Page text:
For individuals who have been abused or traumatized, they likely want to disconnect from their bodies, and yoga can teach them to reintegrate and using the physical poses is part of that, said Dr. Maryanne Klatt, an associated clinical professor in family medicine at The Ohio State University Wexner Medical Center.

“One of the benefits is being able to trust your bodily reaction to things— your breathing rate increases when you’re anxious and is shallower. Unless you see the body-mind connection, you may not get that that’s an indicator,” Klatt, who is also a yoga instructor, told, adding that yoga can teach the importance of being able to relax and being able to call upon that physiological response.­

In addition to the physical movement, another method to enable this change is through diaphragmatic breathing, which activates the parasympathetic nervous system, which slows the heart rate. In her classes, Hands to Heart yoga instructor Anne DeSimone teaches simple breath work to the residents to allow them to observe what’s going on in their bodies.

“This is a class tailored toward women in that particular housing situation. The yoga class at its core is fundamentally like any other yoga class and the women really are fundamentally much like all other yoga students,” DeSimone told “There is a universality to yoga practice that I love, because you really can do it anywhere.”

While there can be a language barrier for those who don’t speak English as their primary language, DeSimone said she’s made connections with her Brookview students. Bones is grateful to the instructors who share their time and knowledge to the class.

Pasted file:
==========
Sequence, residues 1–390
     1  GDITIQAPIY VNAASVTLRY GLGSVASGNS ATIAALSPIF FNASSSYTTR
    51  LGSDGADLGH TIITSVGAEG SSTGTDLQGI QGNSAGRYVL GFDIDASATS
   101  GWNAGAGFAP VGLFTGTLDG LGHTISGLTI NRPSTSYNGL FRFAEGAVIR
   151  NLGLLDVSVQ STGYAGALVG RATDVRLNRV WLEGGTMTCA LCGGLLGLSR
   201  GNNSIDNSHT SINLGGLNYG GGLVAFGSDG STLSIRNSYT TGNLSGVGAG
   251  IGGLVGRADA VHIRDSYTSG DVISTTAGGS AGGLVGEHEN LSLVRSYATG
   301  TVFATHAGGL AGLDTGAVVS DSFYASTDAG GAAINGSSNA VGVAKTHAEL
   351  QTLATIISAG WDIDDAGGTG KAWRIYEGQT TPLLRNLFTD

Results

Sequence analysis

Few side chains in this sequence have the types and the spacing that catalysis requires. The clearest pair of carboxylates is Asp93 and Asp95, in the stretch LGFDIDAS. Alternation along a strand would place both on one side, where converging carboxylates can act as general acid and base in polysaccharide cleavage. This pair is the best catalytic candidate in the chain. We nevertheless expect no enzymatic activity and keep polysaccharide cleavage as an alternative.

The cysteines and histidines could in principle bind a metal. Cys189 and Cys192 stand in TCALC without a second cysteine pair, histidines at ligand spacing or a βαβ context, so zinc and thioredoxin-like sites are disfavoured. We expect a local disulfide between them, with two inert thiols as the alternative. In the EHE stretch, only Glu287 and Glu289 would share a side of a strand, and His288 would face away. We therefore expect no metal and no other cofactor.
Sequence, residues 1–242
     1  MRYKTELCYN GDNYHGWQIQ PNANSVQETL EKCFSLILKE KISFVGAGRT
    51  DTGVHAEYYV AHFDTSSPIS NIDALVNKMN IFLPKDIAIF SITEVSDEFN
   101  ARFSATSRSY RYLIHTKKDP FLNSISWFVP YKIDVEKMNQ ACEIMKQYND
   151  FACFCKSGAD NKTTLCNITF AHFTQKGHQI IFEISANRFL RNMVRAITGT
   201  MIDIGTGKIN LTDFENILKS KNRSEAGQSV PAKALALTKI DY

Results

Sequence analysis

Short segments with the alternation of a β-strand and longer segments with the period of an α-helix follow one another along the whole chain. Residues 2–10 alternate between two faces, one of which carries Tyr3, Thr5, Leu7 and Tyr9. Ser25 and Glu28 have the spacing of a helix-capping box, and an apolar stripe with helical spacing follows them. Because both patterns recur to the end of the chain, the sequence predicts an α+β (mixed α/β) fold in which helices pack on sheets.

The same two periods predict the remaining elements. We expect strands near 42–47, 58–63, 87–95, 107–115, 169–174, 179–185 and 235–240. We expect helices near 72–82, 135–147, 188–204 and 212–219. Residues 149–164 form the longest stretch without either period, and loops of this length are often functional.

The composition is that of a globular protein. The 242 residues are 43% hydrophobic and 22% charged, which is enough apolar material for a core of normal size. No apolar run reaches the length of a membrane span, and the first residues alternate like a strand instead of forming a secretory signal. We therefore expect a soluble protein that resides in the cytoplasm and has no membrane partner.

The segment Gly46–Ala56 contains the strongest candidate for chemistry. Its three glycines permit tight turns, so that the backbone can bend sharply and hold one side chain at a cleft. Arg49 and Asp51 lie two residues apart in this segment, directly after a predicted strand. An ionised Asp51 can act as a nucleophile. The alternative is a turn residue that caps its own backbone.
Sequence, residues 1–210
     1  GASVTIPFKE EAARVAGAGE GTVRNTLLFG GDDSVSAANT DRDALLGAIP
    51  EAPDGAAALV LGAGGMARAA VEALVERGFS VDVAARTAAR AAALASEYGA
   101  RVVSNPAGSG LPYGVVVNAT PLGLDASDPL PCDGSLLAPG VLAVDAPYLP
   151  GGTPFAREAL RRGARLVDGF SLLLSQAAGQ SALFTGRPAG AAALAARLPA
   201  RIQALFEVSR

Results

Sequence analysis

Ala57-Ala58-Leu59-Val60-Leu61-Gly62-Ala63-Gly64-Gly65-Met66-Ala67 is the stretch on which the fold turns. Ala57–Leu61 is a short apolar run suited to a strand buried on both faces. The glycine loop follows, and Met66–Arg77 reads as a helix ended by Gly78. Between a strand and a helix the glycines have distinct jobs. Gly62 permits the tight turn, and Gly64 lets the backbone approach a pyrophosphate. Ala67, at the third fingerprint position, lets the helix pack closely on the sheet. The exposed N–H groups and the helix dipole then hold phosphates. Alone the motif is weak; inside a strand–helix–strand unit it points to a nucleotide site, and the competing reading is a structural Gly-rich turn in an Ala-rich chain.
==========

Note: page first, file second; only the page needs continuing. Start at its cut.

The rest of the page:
“When we take yoga class, we feel calm, relaxed, and I enjoy it because [the instructor] gives the time to be her with us,” Bones said. “It’s so appreciated.”

At first, the instructor taught the students about meditation with music, Bones recalled. After a couple weeks, she felt a difference in her body and said it may have even helped her lose weight. Now, Bones likes to meditate at home before she attends class with her housemates and then practices yoga with her boys, who are 3 and 12 years old.

Brookview House has clinical psychologists on staff, as well as graduate clinicians who serve a one-year practicum, which Klein noted was a strong example of truly integrative medicine.

“It’s both Eastern medicine and yoga, the non-traditional medicine,” Hughes said. “We combine the two in order to help the women increase their self-esteem. It also adds to their emotional and mental health needs.”

For Klatt, who is not affiliated with Brookview House, the program is a wonderful way to help women.

“One of the big benefits of yoga is understanding yourself and people don’t really talk about that. It’s taking away the veils of all those other things, like, ‘I’m a homeless woman’— that’s not all you are,” Klatt said. “Yoga at its core is supposed to help people see that they’re much more than their circumstances, their race, their economic status, their current situation.”